The 5Ws and 1H technique is a simple strategy used by investigative journalists, detectives, and researchers to collect a complete and accurate story. The idea behind this method is that if you can identify the answers to these six questions, you should have a full version of events. These six questions are: what, why, when, where, who, and how.
The 5Ws and 1H framework is a super simple but seriously effective method for collecting information. It's an easily memorized list that journalists and other researchers can reflect on whenever they're collecting information in the heat of the moment.
The 5Ws and 1H method is also helpful for delivering information. When writing or providing a story, addressing the answers to each of these questions can give your audience a holistic sense of the story you're sharing.
The 5Ws are important because they effectively touch upon the core components of a story. If you can answer these five questions, then you likely have a solid grasp of the story at hand. It also provides you with a framework for adding details to your story, because you already have the foundation to get the core story across.
You can also adapt the 5Ws and 1H technique to project management. This is particularly useful for focusing on a complex project and ensuring that you and everyone on your team shares a common vision. Who are your stakeholders, why are you developing this product, how are you going to go about it, what is the scope of your project, etc.?
What is the budget for your project?
What does your target audience want?
What will you need for your project to succeed?
What risks is your project assuming?
What are the milestones you need to hit?
Why are you developing this product?
Why does your target audience want this product?
Why is your product running into issues?
Why does this product make sense for your brand?
Why have you chosen each member of your team to work on this?
When should this project be completed?
When does each milestone need to be completed?
When will product testing need to take place?
When should you transition product development to product support and maintenance?
Where will your product be deployed?
Where will you be working on your project?
Where will your users be using this product?
Where is this product going to be manufactured?
Where does your product need to function?
Who is going to be using this product?
Who will be working on the development of this project?
Who are your stakeholders?
Who will benefit from this product?
Who are your current and potential competitors?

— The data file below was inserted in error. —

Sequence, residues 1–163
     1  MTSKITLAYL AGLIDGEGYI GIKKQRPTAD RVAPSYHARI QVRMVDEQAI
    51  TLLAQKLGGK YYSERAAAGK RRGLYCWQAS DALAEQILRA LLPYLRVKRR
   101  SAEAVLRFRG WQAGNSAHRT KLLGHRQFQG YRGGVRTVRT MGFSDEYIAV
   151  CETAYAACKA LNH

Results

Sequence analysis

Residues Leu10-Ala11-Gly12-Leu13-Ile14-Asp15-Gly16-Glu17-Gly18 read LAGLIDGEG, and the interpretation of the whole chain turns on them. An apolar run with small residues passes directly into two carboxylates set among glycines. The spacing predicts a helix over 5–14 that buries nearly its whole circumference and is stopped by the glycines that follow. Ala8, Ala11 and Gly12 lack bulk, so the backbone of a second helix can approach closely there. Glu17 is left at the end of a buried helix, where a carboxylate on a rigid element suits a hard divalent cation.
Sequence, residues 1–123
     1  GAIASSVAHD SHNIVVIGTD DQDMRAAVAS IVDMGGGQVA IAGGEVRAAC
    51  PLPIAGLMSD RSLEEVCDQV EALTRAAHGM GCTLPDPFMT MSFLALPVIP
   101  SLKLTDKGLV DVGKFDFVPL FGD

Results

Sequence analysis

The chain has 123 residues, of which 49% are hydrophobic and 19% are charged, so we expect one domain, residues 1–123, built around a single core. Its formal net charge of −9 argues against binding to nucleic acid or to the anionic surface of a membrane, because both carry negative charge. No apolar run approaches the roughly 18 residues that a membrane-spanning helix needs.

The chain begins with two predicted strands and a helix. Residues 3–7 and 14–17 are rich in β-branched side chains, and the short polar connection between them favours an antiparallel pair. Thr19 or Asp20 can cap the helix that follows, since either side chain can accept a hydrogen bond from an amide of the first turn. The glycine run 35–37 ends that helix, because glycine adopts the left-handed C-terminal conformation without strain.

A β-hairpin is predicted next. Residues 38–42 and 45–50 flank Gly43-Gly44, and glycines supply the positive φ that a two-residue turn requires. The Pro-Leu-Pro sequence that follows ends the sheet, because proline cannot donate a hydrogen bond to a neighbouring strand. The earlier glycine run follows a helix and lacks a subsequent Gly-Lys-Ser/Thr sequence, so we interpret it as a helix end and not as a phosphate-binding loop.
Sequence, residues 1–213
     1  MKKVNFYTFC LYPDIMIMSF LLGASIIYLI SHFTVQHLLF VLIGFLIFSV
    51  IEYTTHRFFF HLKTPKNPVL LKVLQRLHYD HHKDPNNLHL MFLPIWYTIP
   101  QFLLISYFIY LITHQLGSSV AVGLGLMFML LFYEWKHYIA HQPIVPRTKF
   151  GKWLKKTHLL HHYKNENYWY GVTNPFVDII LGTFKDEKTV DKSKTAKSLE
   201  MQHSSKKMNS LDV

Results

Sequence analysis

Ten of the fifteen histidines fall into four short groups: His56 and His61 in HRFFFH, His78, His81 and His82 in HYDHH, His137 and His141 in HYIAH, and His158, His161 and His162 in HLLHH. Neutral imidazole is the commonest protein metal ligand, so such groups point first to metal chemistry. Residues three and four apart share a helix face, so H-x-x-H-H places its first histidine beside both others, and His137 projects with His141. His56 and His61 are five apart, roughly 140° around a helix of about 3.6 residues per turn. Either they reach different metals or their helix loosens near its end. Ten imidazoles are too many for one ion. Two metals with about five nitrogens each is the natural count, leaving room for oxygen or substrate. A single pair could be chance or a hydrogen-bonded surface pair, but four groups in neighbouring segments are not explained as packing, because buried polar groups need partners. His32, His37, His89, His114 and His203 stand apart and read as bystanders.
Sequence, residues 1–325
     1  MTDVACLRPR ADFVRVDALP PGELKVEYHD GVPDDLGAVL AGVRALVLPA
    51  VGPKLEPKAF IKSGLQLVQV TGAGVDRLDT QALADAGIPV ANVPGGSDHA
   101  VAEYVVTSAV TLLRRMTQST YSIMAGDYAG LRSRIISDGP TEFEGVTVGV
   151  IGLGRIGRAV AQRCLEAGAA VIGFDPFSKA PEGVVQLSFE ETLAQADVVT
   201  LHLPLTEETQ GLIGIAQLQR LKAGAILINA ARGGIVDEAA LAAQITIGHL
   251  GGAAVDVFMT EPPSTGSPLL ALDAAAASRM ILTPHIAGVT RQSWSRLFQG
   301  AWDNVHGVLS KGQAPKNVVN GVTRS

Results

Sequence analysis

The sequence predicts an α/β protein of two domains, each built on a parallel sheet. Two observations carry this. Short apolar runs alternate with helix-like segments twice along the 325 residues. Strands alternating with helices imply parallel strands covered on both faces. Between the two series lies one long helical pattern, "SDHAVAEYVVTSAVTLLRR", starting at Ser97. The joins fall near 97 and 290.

How will your product be developed?
How is this product going to work?
How long is this product supposed to last?
How will your target user benefit from using this product?
Once your team deeply understands user pain points and wants, they can build the product in a way that offers real value to the customer. This is why the 5W’s framework is so effective — it digs deep into the core of a product and its users.
The “Who?” represents the people involved in the product and helps teams frame the project in a way that covers everyone involved. This includes stakeholders, the team, customers, and product owners.
You can almost think of the “What?” as a product definition stage. It sets expectations for the entire project and defines key problems that need solving or features that should be included.
The “When?” tasks us with estimating timeframes. It can be helpful to save this question for last, because the other stages will define the processes you need to estimate timeframes for. This stage helps us communicate and set expectations for interested parties.
This used to be a simple question to answer. However, it's a little tougher to define in this age of remote work and hybrid teams. Where we deploy a project may be a far cry from where it was created. To keep the team aligned and maintain productivity, asking “Where?” can be extremely useful.
Some teams will start blindly working on projects using only technical specifications. What tends to follow is a lifeless product that ticks the boxes but fails to provide value to the user. Think about the other W questions and their answers. Within those answers is why you’ll be creating the product. Customer needs, business needs — your “Why?” can be anything as long as you know what that “Why?” is.
The 5W’s and 1H framework can be used in countless situations, including journalism, research, and police investigations. Even in a product development context, there are many ways to use this framework. The idea is to gain a deep understanding of the task ahead using insights and other key information.
While Product Managers can use the 5Ws and 1H framework at any stage of the development process, it can be most beneficial during product definition. During this stage, the team is trying to figure out what they are building, who they’re making it for, when it should be released, where it will be used, and why they’re building it. Does that sound familiar?
By asking the 5 W questions during the product definition stage, the team can understand what they’re setting out to achieve. They will be able to identify key factors, align with the product vision, and stay focused on the matter at hand. Once they’ve figured out the W’s, they can work on how they will create the product.
Learn how to prioritize by making it a simple process, to build products that stand out. Learn more about how to source insight, choose the right prioritization framework and much more.